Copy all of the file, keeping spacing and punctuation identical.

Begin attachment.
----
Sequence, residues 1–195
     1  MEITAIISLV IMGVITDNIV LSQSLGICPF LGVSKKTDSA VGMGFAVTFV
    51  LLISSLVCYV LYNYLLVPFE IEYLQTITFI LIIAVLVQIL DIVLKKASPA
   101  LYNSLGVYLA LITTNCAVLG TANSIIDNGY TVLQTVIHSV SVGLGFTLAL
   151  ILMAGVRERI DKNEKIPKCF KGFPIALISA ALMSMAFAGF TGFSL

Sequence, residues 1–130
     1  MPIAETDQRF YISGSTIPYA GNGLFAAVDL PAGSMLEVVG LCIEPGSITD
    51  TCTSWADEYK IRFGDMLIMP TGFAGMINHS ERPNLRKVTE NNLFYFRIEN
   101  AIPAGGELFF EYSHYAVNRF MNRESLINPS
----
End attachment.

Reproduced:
Sequence, residues 1–195
     1  MEITAIISLV IMGVITDNIV LSQSLGICPF LGVSKKTDSA VGMGFAVTFV
    51  LLISSLVCYV LYNYLLVPFE IEYLQTITFI LIIAVLVQIL DIVLKKASPA
   101  LYNSLGVYLA LITTNCAVLG TANSIIDNGY TVLQTVIHSV SVGLGFTLAL
   151  ILMAGVRERI DKNEKIPKCF KGFPIALISA ALMSMAFAGF TGFSL

Sequence, residues 1–130
     1  MPIAETDQRF YISGSTIPYA GNGLFAAVDL PAGSMLEVVG LCIEPGSITD
    51  TCTSWADEYK IRFGDMLIMP TGFAGMINHS ERPNLRKVTE NNLFYFRIEN
   101  AIPAGGELFF EYSHYAVNRF MNRESLINPS